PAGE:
5 Truths You NEED to Know About Food Labels

5 Truths You NEED to Know About Food Labels

I am a very good consumer. In fact, I believe in consumerism. I feel it is my way of keeping the economy going. But packaging and propaganda about any product or service must be ethical. I think advertising any product will always re-direct the focus of the buyer towards a product feature; but misleading the consumer about its contents or preparation is unethical. When looking at food packaging it is important to know how to read labels – front and backside. Here is my list of the most powerful food labels being used and their meanings.
“Fat-free” labels refer to a food that has less than .5 grams of fat per serving (by the way “low-fat” is less than 3 grams of fat per serving). This is another standard set by the Food and Drug Administration. Sometimes labels also use “zero fat or no fat.” The misperception is that “fat-free” foods are calorie free. Keep in mind that many “fat-free” foods replace the fat with sugar, which isn’t a better option because it still gets stored as fat in the end.  You will see in the picture that corn syrup was added.


100% Natural
“100% Natural” does not mean 100% healthy. These foods can be very high in fat and calories. When you buy a product that is 100% Natural it means- no article colors, flavors, no synthetic ingredients or preservatives. Therefore, there should be no chemicals listed on the backside label.
Example of Bad: Ice Cream- 100% Natural ice creams are much higher in sugar and made with more eggs and milk. Of course they do not have corn syrup, modified starches or concentrates.

Turkey Hill All Natural Salted Caramel Ice Cream

Cage-Free and Free-Range
“Cage-free and free-range” is a label that should appeal to those who believe in the humane treatment of animals. You may not be a member of PETA, but truly love animals and therefore trust the U.S. Department of Agriculture to regulate farms. “Cage-free” means hens are kept un-caged, they are free to roam within an enclosed area and eat and drink at their own will. These birds have enough room to spread their wings and engage in natural nesting behavior. Unlike many farm, which keep hens in cages, cut their beaks, force molting (instead of natural loss of feathers).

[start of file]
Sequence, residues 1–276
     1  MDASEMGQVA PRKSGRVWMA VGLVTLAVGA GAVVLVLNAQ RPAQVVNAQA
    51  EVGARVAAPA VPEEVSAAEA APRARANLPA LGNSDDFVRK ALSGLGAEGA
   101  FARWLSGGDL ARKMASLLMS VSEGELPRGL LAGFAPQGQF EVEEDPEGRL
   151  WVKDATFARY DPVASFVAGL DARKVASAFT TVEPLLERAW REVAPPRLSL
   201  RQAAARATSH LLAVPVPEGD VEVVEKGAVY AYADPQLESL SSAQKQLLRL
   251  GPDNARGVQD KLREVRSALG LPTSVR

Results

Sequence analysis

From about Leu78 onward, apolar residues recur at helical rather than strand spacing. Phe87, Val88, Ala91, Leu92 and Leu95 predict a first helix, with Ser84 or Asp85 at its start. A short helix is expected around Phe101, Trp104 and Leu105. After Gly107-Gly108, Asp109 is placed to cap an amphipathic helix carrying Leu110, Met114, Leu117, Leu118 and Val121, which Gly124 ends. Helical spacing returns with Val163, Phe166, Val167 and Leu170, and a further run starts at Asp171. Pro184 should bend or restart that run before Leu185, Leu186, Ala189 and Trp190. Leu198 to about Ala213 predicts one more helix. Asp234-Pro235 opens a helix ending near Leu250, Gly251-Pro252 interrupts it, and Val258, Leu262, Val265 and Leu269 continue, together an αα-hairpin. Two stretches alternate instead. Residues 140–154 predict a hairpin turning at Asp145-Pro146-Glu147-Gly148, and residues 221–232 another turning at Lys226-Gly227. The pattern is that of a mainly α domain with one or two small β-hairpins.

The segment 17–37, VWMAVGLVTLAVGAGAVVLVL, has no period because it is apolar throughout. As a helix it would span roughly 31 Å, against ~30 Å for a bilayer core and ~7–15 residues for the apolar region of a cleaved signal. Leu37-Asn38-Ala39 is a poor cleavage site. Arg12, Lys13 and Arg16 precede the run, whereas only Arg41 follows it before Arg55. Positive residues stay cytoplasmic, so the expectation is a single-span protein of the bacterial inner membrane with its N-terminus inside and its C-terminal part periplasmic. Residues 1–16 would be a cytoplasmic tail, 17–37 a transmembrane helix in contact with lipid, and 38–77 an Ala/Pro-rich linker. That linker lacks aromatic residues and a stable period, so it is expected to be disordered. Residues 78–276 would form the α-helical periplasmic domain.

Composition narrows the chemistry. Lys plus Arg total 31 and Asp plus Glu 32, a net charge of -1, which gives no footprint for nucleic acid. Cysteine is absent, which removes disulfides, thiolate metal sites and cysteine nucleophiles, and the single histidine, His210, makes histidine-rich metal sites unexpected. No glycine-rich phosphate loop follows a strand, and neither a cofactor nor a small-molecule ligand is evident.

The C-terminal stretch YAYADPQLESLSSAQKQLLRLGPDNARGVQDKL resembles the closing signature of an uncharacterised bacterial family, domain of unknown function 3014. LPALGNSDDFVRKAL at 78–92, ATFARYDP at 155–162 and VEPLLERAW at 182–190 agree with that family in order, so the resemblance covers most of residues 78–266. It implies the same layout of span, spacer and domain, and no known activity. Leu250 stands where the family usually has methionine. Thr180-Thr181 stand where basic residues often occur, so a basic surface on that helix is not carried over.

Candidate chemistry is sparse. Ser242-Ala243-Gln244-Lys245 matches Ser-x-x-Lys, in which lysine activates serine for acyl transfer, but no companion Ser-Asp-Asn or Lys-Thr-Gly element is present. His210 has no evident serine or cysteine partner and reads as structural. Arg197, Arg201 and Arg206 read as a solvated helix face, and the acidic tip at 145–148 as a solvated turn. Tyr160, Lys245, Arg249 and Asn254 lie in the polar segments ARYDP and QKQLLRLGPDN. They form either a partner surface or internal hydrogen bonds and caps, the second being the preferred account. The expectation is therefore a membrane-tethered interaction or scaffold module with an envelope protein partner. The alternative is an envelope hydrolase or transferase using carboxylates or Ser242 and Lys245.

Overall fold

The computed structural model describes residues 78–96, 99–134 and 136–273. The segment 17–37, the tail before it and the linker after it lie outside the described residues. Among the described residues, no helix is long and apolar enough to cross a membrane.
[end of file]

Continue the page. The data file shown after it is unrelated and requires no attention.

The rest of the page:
“Free-range or roaming” means that the hens are given access to large outdoor spaces. This mostly refers to a method of farming that doesn’t use cages, but the amount time these animals are given is not specified. I believe the “USDA considers five minutes of open air access each day to be adequate for it to approve use of the free-range claim n a poultry product,” “Free-range” can refer to chickens, hogs and sheep, but when you see it on eggs it is not a regulated product so you might want to buy organic instead.

No Antibiotics Added
“No added antibiotics, no antibiotics ever or raised without antibiotics” are all interchangeable terms and may be found on meat products. This label signifies that the farmer demonstrated with documentation that the animals were not raised with antibiotics. This term is not a governed by the USDA because “antibiotic-free” has not been approved as a term for food labeling yet, but it is coming soon. Many labels are not verified by USDA, so look for the USDA-verified symbol when shopping .


Organic or 100% Organic
“Organic” refers to foods that contains at least 95% naturally made/grown and chemical free ingredients. It is also used to refer to foods that are prepared with eco friendly methods. USDA Organic certified refers to foods that exclude methods of genetic engineering as well. All ingredients used must be certified organic and state the name of the certifying agent. The guidelines that govern this also refer to the soil quality, animal raising practices, pest and weed control and use of additives. The organic producer or farmer must rely on natural substances for farming.


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